And, speaking of ostracism, Galli dismisses the suffering of the entire LGBTQ+ community in his implication that culture makes it easy to be queer. For many queer folk, coming out may cause ridicule, beatings, the rejection of friends and families. Coming out as LGBTQ+ poses a lot of risks, and facing those risks for the sake of justice and truth is hardly "caving into culture."
    As a Christian, I'd also like to point out that it's not caving into culture when the culture you grew up in is non-affirming (Rachel Held Evans once wrote an article articulating this in greater detail, but I can't find the link). Personally, as a straight ciswoman who could have easily blended in with non-affirming people, I spoke up because I felt I could not remain silent while any human suffered. I spoke up in spite of my culture, not because of it. 
    But Galli's dismissal doesn't stop there, and reveals something fundamentally broken in his argument. Galli claims "The church has been and remains overwhelming united," a statement that dismisses the opposing viewpoint as nearly nonexistent, mere noise created by American culture. Such a claim implies that because the opposing viewpoint has the smaller number, because these people are the minority, their voices are ultimately insignificant. The statistic that 48% of LGBTQ+ Americans are actually Christian doesn't matter. Only the majority, the privileged, the powerful, matter. 
     What Galli misses is that ignoring the small numbers only works for mathematical estimates, not for real people. Jesus, the Jesus Galli and Christianity Today and I myself claim to serve, stuck up for the marginalized. He treated every person like they mattered.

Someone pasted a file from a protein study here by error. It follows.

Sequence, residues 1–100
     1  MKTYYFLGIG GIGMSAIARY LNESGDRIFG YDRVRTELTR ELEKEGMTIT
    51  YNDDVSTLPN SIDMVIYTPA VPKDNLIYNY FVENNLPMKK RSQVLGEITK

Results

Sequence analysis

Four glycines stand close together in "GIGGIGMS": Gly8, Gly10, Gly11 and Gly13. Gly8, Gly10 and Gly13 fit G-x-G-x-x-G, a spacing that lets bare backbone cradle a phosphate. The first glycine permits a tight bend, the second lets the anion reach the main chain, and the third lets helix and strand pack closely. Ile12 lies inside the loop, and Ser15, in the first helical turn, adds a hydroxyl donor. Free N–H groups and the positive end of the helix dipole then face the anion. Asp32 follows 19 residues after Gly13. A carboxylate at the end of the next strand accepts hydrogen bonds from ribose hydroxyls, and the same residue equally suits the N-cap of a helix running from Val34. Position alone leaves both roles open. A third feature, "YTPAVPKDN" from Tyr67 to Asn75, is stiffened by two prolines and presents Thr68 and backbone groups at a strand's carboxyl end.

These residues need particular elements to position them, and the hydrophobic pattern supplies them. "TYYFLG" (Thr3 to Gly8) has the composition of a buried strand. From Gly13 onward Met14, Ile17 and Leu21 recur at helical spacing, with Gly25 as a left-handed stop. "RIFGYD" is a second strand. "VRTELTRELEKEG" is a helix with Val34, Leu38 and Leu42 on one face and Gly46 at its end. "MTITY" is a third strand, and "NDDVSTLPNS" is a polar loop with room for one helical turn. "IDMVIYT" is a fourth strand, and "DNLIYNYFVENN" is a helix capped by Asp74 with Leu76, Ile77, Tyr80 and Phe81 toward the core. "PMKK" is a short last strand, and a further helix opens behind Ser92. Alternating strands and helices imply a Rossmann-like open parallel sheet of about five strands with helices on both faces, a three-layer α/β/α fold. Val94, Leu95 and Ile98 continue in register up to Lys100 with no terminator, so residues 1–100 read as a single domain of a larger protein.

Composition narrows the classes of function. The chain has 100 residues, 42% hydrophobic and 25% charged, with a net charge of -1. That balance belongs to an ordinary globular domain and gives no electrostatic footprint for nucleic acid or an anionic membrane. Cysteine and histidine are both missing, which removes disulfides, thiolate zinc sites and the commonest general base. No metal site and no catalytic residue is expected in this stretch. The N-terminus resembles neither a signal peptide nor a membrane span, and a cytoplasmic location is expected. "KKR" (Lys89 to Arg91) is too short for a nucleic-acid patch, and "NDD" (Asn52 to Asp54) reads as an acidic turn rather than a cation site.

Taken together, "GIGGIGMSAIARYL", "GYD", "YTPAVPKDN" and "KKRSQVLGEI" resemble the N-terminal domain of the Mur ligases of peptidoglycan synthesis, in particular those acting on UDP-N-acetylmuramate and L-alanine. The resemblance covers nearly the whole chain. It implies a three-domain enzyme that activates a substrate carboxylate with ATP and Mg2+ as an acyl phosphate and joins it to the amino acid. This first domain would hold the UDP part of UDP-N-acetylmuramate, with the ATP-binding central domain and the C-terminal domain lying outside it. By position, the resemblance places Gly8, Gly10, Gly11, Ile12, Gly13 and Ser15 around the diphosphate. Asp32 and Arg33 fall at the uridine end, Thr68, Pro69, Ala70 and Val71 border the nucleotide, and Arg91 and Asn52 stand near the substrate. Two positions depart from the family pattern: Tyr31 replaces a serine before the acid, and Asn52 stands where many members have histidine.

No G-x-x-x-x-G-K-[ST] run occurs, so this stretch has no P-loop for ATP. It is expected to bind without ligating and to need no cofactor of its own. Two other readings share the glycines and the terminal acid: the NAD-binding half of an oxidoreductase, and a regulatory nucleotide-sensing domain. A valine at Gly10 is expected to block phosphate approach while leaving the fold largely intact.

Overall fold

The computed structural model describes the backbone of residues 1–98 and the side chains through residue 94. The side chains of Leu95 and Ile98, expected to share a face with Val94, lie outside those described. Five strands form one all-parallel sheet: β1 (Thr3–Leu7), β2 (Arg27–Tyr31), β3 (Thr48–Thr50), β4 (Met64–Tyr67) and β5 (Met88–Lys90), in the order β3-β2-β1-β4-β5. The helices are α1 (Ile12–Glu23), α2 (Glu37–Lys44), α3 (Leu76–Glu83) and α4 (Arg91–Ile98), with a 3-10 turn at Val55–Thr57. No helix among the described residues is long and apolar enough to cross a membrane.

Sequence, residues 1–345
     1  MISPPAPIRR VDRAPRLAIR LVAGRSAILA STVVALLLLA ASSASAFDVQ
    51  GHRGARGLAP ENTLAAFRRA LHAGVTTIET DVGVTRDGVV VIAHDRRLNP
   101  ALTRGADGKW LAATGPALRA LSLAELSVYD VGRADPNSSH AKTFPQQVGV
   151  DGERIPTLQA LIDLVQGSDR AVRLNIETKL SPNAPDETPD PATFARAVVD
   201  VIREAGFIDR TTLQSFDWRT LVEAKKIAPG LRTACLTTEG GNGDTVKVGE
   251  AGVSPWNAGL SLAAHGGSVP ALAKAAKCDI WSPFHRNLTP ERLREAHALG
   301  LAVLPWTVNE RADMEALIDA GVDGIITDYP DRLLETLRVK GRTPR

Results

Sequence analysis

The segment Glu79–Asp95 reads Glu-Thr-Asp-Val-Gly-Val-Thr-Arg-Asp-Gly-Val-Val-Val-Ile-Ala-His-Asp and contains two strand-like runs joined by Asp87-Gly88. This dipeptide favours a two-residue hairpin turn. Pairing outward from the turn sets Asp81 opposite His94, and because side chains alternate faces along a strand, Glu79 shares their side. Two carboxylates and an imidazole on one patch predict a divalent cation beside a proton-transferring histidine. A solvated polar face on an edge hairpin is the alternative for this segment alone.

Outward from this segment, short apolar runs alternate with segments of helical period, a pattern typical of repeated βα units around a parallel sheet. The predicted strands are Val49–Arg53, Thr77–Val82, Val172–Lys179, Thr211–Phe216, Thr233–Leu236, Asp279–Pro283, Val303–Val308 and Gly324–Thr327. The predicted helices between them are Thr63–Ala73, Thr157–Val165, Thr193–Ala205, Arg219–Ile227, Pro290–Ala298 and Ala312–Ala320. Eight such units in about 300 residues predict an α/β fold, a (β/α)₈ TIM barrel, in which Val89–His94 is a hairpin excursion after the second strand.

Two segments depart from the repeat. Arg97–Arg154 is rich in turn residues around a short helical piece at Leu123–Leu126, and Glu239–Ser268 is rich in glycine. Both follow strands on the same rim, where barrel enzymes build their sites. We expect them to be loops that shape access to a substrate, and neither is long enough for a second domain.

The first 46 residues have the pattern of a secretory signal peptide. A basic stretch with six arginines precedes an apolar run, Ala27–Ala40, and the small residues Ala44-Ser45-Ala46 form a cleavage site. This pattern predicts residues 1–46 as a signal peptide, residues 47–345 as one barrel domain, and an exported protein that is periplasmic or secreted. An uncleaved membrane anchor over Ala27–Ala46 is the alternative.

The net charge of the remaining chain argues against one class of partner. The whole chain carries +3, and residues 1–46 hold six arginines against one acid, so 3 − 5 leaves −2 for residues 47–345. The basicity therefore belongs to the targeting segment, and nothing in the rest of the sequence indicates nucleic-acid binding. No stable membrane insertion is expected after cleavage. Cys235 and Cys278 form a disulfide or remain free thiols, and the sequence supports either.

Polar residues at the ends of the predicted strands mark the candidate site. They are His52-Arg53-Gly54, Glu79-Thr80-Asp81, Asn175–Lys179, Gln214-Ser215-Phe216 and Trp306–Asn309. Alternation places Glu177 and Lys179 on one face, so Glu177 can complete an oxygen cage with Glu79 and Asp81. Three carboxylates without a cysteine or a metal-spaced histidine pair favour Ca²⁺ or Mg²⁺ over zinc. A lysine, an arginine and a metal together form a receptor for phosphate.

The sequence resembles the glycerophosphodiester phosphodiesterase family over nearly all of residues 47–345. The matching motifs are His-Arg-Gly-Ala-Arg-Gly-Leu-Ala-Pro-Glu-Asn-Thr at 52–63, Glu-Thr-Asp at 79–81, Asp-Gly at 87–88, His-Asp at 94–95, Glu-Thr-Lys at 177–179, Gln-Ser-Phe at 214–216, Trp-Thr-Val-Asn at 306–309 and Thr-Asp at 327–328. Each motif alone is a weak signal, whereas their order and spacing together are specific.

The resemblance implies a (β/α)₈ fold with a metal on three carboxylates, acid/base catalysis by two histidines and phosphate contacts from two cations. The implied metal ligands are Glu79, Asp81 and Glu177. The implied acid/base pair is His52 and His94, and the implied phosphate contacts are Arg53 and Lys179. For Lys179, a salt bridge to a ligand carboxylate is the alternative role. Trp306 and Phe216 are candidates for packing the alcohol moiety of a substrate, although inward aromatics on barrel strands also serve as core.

Ignoring the small but growing number of LGBTQ+ and affirming Christians contributes to the ostracism of this precious community. Respect and charity this is not, despite Galli's intentions. I have no doubt that he intended his article to be exactly as he claimed.
    Yet the problem is that when we aren't willing to hope the best in each other, we aren't loving each other as Jesus did. 
    The problem is that when we focus on the majority, we affirm that power, not the hurting minority, is what actually mattes. We dehumanize the minority in favor of a numbers game. 
    That's hardly respect and charity, and I hope Galli and all the non-affirming staff of Christianity Today learns this ASAP. Because this is real life, and all life matters.

Saturday, June 6, 2015

I'm Ashamed of My Christianity

    It's been another of those weeks. A week I haven't had since World Vision. A week I am revolted at the word "Christian."
    Because, what is the point of calling myself a Christian when "Christian" is synonymous with hate?